Aside from the ongoing controversy, there’s also the question of ethics. Is it ethical to fluoridate the water of an entire population when other targeted methods may be just as, if not more, effective? The UK Nuffield Council on Bioethics wrestled with this issue in 2007. It concluded that local and regional communities should democratically decide on whether or not to fluoridate their water supplies. With misinformation on all sides, though, it’s hard to see ordinary citizens being able to assess the true risks and benefits. In 2016, our National government sought to relieve them of that burden by introducing legislation that would give district health boards the power to direct local authorities to fluoridate their water supplies. The Health (Fluoridation of Drinking Water) Amendment Bill has yet to get its second reading.
Given the lack of consensus about how effective water fluoridation would be in today’s environment, and even the remote possibility of harm to young children, it would seem water fluoridation is an idea whose time has passed. People are now less inclined to accept the assurances of experts, and feel empowered by the internet with its surfeit of information, good and bad. Politicians are even reluctant to raise the issue of compulsory vaccination, despite the fact herd immunity is necessary to keep serious contagious diseases at bay. The main rationale for water fluoridation, that it would greatly reduce inequalities in dental health, is far from certain. A recent New Zealand study of water fluoridation and ethnic inequalities, based on information collected from 2004 to 2013, concluded water fluoridation was “relatively effective” and could reduce but “itself did not remove disparities in caries levels between Māori and non-māori children”.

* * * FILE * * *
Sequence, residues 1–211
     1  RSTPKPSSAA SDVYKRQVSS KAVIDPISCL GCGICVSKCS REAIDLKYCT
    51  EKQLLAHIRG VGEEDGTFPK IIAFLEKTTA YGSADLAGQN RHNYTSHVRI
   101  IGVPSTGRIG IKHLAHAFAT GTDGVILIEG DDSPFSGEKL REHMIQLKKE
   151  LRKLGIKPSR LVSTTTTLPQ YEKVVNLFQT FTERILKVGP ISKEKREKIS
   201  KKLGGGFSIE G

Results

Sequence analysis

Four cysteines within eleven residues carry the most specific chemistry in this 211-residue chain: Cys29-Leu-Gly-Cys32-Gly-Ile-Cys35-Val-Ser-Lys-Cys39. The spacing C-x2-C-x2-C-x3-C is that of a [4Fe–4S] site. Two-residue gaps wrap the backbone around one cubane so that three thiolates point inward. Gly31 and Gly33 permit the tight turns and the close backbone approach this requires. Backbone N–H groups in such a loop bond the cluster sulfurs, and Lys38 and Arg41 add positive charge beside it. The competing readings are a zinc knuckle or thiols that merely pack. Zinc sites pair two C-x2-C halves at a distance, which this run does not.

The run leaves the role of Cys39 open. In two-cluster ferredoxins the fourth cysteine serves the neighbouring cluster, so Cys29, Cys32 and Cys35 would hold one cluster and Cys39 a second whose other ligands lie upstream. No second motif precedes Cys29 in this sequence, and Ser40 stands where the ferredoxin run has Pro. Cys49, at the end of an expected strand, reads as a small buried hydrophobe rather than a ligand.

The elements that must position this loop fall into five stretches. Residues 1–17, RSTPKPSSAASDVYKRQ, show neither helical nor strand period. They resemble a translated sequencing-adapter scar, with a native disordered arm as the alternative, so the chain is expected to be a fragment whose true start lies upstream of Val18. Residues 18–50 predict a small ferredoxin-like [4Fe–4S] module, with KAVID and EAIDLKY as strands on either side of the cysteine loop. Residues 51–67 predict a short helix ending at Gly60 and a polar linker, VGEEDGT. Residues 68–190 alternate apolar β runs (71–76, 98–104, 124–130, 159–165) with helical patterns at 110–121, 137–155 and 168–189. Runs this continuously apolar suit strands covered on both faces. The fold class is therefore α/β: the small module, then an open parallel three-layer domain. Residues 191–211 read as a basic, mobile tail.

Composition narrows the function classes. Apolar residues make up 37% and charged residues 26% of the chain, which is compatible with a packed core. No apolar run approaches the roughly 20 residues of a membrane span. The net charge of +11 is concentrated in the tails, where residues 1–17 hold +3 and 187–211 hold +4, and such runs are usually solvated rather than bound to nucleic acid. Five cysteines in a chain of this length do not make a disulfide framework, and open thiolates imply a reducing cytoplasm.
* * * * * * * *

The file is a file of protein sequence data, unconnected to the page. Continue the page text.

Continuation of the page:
In 2010, a study by the European Scientific Committee on Health and Environmental Risks found “topical application of fluoride is most effective in preventing tooth decay. Topical fluoride sustains the fluoride levels in the oral cavity and helps to prevent caries, with reduced systemic availability. The efficacy of population-based policies, e.g. drinking water, milk or salt fluoridation, as regards the reduction of oral-health social disparities, remains insufficiently substantiated.”
Another review concluded: “Although water fluoridation may still be a relevant public health measure in poor and disadvantaged populations, the use of topical fluoride offers an optimal opportunity to prevent caries among people living in both industrialised and developing countries.”
Water fluoridation now seems more of a tick-the-box exercise when it’s plain that much more, including a sugary food and drink tax, is needed to improve dental health, especially for disadvantaged children. Each year, thousands of children in fluoridated and non-fluoridated regions of New Zealand are hospitalised to have rotten teeth removed under general anaesthetic. Poverty and a shortage of dental therapists are two important factors in what has been called a dental health crisis.